Israel’s vaccine advisory group today recommended that adults in older age groups receive a booster COVID dose, a strategy other countries are eyeing as Delta (B1617.2) variant activity surges and questions swirl about the length of vaccine protection.
Many global health experts have criticized countries for considering booster doses, given that health workers and at-risk groups in many low- and middle-income countries have not received their first doses and that the science isn’t clear about the need for the boosters. Meanwhile, African officials today said vaccine deliveries are improving.
Israel weighs age cutoff for booster in older adults
In Israel, the health ministry’s vaccine advisory group recommended a booster dose for older adults, but was divided on whether the cutoff should be 60, 65, or 70, according to Haaretz, a newspaper based in Tel Aviv.
Data presented at the group’s meeting suggested that the vaccine’s effectiveness against severe disease in 60-year-old people has declined from 97% in January to 81%. Israel is using two-dose mRNA vaccines in its immunization program.
Most of the panel members agreed that people age 60 and older should receive a booster, but some pushed for an older limit. The head of the country’s health ministry is expected to make the final decision, and government leaders will discuss the health and economic factors of adding a third dose.
At the end of June, the UK’s Joint Committee on Vaccination and Immunization (JCVI) issued interim recommendations for a booster dose, which said any potential booster dose program should begin in September to head off extra pressure on health systems if SARS-CoV-2 circulates alongside seasonal flu.
They said any potential booster shot program should be rolled out in two stages: first in those older than 70 and in high-risk groups such as health workers and those who are immunocompromised, then second in all adults older than 50 and those who are in other risk groups.
Mixed pattern in Africa, with more vaccine on way
At a media briefing today, the head of the WHO’s African region office said Africa is still in the middle of its third wave, but cases have declined for 2 weeks in a row. Matshidiso Moeti, MBBS, said the slight slowdown is promising and a cause for cautious optimism. “But we are not out of the woods yet.”
She said most of the drop this week was in South Africa, the region’s hardest hit country. However, 22 countries in Africa reported steep rises of 20% or more over the past 2 weeks, with the highly transmissible Delta variant now detected in 26 of the region’s countries.
Regarding vaccine supply, Moeti said supplies are quickly ramping up from multiple sources, after stalling in June. Africa received 4 million doses from COVAX last week, with deliveries from the African Union’s procurement program also picking up. The United States announced yesterday that it was donating 5.7 million doses of Pfizer vaccine to South Africa through the COVAX program.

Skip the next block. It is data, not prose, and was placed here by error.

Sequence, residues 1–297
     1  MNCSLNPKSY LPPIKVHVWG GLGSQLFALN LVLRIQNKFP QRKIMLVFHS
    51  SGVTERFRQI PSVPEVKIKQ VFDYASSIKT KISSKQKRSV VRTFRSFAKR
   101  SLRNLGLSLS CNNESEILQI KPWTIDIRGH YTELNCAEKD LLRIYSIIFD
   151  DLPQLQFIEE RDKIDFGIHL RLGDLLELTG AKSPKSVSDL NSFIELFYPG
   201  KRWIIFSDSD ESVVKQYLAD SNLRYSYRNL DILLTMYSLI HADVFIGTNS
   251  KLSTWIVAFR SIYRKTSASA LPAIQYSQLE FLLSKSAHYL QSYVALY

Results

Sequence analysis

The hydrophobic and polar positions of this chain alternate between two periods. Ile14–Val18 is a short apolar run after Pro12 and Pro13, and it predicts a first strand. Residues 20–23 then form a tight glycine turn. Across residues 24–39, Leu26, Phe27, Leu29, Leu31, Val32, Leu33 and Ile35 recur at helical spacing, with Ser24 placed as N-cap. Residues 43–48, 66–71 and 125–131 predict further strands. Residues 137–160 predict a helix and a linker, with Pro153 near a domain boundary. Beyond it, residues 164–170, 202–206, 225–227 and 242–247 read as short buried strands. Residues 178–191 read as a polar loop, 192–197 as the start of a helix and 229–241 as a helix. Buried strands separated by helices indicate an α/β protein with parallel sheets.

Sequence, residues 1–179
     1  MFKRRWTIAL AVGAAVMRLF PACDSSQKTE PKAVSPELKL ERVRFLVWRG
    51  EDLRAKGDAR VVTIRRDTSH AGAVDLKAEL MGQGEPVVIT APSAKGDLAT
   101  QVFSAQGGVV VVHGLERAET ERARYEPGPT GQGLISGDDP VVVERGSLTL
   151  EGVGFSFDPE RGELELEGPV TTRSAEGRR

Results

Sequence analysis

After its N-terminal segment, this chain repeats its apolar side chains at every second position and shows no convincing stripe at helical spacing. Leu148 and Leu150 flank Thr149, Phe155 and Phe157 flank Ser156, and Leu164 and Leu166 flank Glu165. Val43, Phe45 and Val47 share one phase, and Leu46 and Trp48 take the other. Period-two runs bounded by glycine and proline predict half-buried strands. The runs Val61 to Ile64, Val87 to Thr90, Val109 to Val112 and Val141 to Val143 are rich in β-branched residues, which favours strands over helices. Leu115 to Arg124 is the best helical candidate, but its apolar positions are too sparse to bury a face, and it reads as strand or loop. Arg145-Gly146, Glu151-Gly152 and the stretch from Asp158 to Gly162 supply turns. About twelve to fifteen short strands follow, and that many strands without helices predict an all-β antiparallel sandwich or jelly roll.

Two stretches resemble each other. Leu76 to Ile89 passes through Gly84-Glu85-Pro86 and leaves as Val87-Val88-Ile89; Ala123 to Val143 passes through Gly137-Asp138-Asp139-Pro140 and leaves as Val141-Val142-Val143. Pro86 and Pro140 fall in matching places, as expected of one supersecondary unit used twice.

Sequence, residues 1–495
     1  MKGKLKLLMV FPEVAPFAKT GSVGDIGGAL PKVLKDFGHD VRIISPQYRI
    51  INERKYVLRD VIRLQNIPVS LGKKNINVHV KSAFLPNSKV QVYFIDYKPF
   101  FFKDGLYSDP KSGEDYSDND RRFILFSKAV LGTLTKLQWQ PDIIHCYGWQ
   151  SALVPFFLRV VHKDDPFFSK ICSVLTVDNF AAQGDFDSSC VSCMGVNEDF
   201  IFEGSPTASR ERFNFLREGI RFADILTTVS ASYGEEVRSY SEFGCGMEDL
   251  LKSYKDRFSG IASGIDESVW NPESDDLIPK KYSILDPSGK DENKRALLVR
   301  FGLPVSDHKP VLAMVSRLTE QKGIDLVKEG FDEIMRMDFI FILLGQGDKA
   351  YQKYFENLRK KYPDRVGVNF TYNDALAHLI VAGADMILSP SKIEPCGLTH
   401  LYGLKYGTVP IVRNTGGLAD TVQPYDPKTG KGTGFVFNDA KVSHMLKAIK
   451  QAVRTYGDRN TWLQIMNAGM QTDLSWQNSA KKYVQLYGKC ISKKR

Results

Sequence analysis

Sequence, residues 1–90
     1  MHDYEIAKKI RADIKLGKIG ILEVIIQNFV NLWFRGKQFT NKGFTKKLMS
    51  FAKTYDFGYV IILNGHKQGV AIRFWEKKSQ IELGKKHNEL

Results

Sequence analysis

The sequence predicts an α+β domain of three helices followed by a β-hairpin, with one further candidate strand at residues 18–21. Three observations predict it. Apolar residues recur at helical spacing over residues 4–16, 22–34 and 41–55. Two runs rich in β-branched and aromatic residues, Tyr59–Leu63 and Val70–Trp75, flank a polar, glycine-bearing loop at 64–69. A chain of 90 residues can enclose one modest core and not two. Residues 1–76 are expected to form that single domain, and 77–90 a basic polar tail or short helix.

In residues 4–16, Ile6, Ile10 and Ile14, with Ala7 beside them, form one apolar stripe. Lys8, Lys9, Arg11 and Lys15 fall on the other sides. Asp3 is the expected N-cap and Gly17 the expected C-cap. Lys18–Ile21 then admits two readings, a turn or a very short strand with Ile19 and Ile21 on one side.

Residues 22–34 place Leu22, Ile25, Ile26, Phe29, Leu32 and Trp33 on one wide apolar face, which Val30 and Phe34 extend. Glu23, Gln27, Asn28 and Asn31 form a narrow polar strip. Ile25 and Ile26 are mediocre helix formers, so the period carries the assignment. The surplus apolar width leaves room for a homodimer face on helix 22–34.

So far, only 1.6% of the continent’s population is fully vaccinated, 61 times less than high-income countries. “There’s light at the end of the tunnel on vaccine deliveries to Africa but it must not be snuffed out again. I urge all countries with surplus doses to urgently share more in the spirit of life-saving solidarity and enlightened self-interest, because no country is safe until all countries are safe,” she said, adding that African countries should step up their preparedness to receive and deploy the incoming doses.
More global headlines
- In an address to the United Nations General Assembly yesterday, the two experts who led the independent panel that reviewed the world’s response to the pandemic and issued recommendations in May said the pandemic is an ongoing disaster that could have been averted. Ellen Johnson Sirleaf, Liberia’s former president, and Helen Clark, New Zealand’s former prime minister, said geopolitical tensions and nationalism have weakened the multilateral system to keep the world safe. They called on the General Assembly to do more to back reforms and strengthen the world’s system for handling pandemic threats.
- China’s cases are at a 6-month high in the wake of an outbreak in Nanjing involving the Delta variant that has spread to 13 cities and 7 provinces, according to the Washington Post. Also, Beijing has reported its first case in nearly 6 months, according to CNN.
- In other Asian developments, Tokyo’s cases reached another daily high, with 3,865 new infections in the city that is currently hosting the Olympic summer games. Thailand reported another single-day high, amid reports of hospitals in Bangkok running out of beds, and Myanmar’s junta government has asked for outside help in battling its surge.
- In the Middle East, the Delta variant is fueling surges in a number of countries and has now been reported in 15 of the 22 nations, the WHO’s Eastern Mediterranean office said today. The hardest hit countries so far include Iran, Iraq, Tunisia, and Libya, where some hospitals are reaching capacity and oxygen supplies are in short supply.
- In Australia’s New South Wales state, where the greater Sydney area is battling an outbreak, officials reported another daily record high, amid a report that the country has asked the military to help enforce the city’s lockdown, which was recently extended by 4 weeks.
- The global total today topped 196 million cases and is at 196,077,698 cases with at least 4,187,339 deaths, according to the New York Times